There’s good news about the explosive oil tankers rolling through our communities: We can finally find out what the bad news is.
Until Tuesday, the public knew only that the state had suddenly become a magnet for thousands of antique tanker cars, each filled with 680 barrels of volatile crude oil from North Dakota’s Bakken region.
We’ve all seen them: huge black tanks topped with what look like black caps. Their design is a half-century old. The National Transportation Safety Board has been yelling for years about their tendency to split open and explode in crashes.
Federal regulators finally took the risk seriously after one oil train — more or less identical to countless others — exploded in Quebec last year and incinerated 47 human beings.
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The new gusher of North Dakota crude has sent a storm surge of tankers across the continent. The rail industry and some states haven’t been eager to tell the public where the trains are going and how many there are.
One particularly specious claim is the information might fall into the hands of terrorists — as if any terrorist with time on his hands couldn’t simply stand by the track in a given locale and count.
The U.S. government last month declared that the train movements aren’t state secrets. Washington state’s emergency preparedness people last week released the details. In Pierce County, for example, BNSF Railway is currently moving 11 to 16 major oil trains through University Place, Tacoma and other communities.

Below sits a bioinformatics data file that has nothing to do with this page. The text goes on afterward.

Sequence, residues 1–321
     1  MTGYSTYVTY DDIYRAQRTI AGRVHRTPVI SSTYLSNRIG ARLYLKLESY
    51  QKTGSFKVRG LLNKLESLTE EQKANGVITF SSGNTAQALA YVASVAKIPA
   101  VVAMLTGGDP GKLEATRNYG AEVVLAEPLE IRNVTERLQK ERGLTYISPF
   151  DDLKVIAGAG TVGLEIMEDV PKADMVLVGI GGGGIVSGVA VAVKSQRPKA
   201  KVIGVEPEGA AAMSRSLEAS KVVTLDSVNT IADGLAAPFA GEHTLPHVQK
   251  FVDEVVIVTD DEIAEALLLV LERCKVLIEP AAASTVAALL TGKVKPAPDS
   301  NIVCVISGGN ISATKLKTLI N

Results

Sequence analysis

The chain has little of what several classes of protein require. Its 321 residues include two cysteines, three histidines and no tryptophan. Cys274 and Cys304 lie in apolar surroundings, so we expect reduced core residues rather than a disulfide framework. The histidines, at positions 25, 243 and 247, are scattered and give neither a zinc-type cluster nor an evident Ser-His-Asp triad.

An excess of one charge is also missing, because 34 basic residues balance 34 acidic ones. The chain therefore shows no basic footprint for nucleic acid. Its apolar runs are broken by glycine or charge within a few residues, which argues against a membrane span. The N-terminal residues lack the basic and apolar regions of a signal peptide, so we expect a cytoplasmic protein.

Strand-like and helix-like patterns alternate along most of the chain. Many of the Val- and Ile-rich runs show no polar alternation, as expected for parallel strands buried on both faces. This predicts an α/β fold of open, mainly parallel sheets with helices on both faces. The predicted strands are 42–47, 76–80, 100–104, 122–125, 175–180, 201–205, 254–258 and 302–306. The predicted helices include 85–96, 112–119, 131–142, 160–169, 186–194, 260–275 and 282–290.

The typical train pulls about 100 cars. Trains that pull fewer than 35 or so aren’t reported. Keep in mind: Shipments are still curving up. In 2011, zero crude was sent to Washington refineries by rail. In 2013, that zero had grown to 29 million barrels.
It’s crucial that the public have this information. Without it, we couldn’t assess either the threat or the preventive measures.
BNSF appears to be trying to get ahead of the problem. (As common carriers, railways are legally obligated to carry oil trains.) It is upgrading its tracks aggressively and is funding training for the state’s first responders.
Railway companies don’t normally deploy cars of their own, but BNSF is buying a small fleet of modern, much-safer oil tankers. Credit where it’s due.
Washington is reacting to the surge faster than the federal government did. This year’s Legislature appropriated nearly $1 million to develop response plans. State agencies are on task.
Unfortunately, lawmakers failed to take one obvious step: imposing a per-barrel fee on rail-borne oil, as California does and as this state already does with the seaborne crude that arrives at our refineries. As a result, taxpayers are footing the bill for much of the emergency preparation.
Heaven knows how many oil barons and CEOs are enriching themselves by rolling these potential bombs through our cities. It’s galling that we have to pay to protect ourselves from them.